Activities and Objectives
Mullet Fishing: Catch Photography
A constant problem is that of trying to take a reasonable photo of oneself, grinning like a hillbilly, and holding a slippery and sometimes lively mullet. Whereas the grinning part can easily be avoided, as many of my online photos will affirm (sorry, Bob), the other bit can be quite tricky. That said, I've seen so many really excellent photos posted by NMC members, I'm guessing that a lot of anglers will already have this 'down', as the 'yoofs' might say. There are a couple of methods that I regularly use, and I'm sure there are several improvements yet to be discovered.
The most-used technique is to mount a compact camera on a lightweight extendable bank stick; this can either be stuck in the ground, or where there is only a hard surface, it can be kept upright by supporting it with the contents of a backpack. An alternative is a lightweight but robust mini-tripod - again, an extendable one offers better options. A useful addition is a quick release attachment of the type which have a trigger-operated spring grip - possibly one of the Maver brand, which seem to be pretty much useless for any other purpose (sorry, Maver).
The camera tripod mount can be fitted with a removable threaded pin, which will allow it to be mounted into the quick-release grip. I've tried using a standard bank pole with just the normal screw thread, but unless the mounting pin is a snug fit into the head of the pole, the camera may rotate infuriatingly while you're trying to set it up, with your mullet becoming increasingly impatient to rejoin his chums.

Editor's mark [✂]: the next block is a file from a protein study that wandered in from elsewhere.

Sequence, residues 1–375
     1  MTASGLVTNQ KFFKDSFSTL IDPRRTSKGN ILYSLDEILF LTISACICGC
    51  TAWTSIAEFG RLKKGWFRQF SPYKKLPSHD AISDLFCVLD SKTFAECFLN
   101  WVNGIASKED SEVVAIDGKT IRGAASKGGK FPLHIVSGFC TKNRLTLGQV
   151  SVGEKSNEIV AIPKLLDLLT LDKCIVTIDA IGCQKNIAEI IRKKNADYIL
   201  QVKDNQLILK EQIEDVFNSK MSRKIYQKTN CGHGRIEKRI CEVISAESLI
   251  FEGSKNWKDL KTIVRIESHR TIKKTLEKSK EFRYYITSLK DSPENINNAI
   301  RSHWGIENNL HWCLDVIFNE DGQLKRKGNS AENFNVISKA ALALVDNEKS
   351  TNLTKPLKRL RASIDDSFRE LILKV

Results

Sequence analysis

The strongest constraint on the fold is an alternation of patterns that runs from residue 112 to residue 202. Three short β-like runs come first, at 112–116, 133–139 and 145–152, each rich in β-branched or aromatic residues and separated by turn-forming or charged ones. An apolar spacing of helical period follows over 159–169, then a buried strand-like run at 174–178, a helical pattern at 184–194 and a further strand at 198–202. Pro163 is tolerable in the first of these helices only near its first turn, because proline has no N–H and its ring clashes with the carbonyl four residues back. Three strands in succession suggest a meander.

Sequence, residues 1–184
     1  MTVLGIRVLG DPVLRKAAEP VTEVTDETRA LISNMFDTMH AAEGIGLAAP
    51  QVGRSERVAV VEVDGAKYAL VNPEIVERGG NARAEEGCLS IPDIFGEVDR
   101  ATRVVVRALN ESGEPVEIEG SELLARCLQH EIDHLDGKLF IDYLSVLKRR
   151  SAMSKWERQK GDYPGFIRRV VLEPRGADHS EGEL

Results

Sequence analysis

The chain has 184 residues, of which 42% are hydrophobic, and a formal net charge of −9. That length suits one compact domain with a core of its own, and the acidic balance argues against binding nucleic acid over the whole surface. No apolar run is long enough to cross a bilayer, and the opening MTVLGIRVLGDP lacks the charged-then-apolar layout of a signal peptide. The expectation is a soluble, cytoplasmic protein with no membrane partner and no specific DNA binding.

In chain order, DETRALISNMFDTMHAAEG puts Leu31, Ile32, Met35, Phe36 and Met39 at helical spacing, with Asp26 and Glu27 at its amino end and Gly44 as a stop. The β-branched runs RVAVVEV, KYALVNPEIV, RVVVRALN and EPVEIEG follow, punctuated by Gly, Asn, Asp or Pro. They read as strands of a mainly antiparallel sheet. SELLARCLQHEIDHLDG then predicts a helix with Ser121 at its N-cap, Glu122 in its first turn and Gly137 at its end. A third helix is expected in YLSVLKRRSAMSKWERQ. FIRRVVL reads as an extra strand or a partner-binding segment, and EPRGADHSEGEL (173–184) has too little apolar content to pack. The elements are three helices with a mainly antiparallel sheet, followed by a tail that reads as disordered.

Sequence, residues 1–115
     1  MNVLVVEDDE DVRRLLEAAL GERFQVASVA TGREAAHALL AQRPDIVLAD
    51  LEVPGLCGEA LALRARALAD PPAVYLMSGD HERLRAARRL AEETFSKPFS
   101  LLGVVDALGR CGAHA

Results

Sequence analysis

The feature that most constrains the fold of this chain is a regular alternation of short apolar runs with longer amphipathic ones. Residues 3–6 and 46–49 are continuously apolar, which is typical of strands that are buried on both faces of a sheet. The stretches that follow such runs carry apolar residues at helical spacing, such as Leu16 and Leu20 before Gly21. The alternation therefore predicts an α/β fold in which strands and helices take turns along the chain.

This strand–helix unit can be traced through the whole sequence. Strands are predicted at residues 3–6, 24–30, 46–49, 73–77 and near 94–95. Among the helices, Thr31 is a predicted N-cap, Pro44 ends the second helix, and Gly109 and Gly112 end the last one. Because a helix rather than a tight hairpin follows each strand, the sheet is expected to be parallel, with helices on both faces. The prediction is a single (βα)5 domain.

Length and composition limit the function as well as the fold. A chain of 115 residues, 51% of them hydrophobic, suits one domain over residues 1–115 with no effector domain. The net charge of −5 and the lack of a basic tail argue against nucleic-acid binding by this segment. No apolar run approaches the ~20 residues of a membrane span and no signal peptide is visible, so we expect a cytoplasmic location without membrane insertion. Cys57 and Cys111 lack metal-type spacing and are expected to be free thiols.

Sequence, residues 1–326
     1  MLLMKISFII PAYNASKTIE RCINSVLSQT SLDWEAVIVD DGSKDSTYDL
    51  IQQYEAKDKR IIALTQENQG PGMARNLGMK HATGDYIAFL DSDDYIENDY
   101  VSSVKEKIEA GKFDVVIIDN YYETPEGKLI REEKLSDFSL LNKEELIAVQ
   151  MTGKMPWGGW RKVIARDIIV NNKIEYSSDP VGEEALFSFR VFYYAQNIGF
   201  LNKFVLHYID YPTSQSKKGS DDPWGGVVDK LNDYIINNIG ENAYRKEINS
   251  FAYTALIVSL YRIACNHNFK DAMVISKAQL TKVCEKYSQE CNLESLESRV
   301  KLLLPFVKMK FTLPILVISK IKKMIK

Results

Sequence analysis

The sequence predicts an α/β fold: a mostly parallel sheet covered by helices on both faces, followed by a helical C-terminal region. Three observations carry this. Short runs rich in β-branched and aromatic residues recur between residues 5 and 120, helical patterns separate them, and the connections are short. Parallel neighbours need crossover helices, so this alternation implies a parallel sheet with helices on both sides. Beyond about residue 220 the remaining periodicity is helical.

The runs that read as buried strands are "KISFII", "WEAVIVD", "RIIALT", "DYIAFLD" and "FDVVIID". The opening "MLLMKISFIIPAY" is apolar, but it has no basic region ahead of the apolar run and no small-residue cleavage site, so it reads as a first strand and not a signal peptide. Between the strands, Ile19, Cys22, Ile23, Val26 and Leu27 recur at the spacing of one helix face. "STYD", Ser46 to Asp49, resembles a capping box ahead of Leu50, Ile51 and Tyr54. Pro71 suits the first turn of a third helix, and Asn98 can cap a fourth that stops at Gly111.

Up front, before there's actually a mullet involved in the proceedings, it's worth considering the focal length of the lens, and also the proximity of the subject to it. On a digital camera, an ideal focal length for a portrait lens is about 70mm. Compact cameras typically have a wide-angle default setting, with zoom capabilities of (say, using the Nikon A10 as an example) 4.6-23.0mm, which represents an angle of view equivalent to that of a 26-130mm lens in 35mm format. Whilst being distinctly 'wide angle', it's nowhere near a fish-eye lens, which for 35mm format cameras is about 8-10mm. However, there are still some problems to avoid - here are some general suggestions:
After all that, just set the timer and 'have at it'.
As an alternative, I sometimes use the cell phone, which offers a variety of additional options, depending on what 'app' is used. These currently include:
Instead of a bank stick as a support, I suppose one could use a 'selfie stick' trapped upright in the backpack contents, although I probably won't feel comfortable going into a shop and asking for one of those, at least anytime in this century - did someone say 'eBay'?
In low light, you may find that the cell phone has far better capabilities than the average compact camera, and a flash-free photo of a more than acceptable quality is usually achievable. Once it's dark, there's no debate - I can't say I've any useful tips regarding night-time flash photographs, other than to use red-eye reduction if available.
Now, going back to the 'grinning' part - sadly, I always seem to forget that bit, whilst concentrating on not dropping the fish and doing all of the above without stuffing it up...
|Last updated 16.05.18|